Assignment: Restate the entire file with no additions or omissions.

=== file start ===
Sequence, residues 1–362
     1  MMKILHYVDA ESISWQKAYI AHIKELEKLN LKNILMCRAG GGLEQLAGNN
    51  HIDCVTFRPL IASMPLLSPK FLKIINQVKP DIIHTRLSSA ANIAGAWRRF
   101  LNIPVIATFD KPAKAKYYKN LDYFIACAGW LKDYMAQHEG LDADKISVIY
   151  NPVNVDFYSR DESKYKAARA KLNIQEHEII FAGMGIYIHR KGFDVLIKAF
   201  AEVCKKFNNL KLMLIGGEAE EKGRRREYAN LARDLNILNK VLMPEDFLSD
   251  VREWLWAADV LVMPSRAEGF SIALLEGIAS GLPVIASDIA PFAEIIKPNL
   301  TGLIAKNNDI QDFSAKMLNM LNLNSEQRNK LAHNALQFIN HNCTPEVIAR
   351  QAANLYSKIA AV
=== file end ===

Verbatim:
Sequence, residues 1–362
     1  MMKILHYVDA ESISWQKAYI AHIKELEKLN LKNILMCRAG GGLEQLAGNN
    51  HIDCVTFRPL IASMPLLSPK FLKIINQVKP DIIHTRLSSA ANIAGAWRRF
   101  LNIPVIATFD KPAKAKYYKN LDYFIACAGW LKDYMAQHEG LDADKISVIY
   151  NPVNVDFYSR DESKYKAARA KLNIQEHEII FAGMGIYIHR KGFDVLIKAF
   201  AEVCKKFNNL KLMLIGGEAE EKGRRREYAN LARDLNILNK VLMPEDFLSD
   251  VREWLWAADV LVMPSRAEGF SIALLEGIAS GLPVIASDIA PFAEIIKPNL
   301  TGLIAKNNDI QDFSAKMLNM LNLNSEQRNK LAHNALQFIN HNCTPEVIAR
   351  QAANLYSKIA AV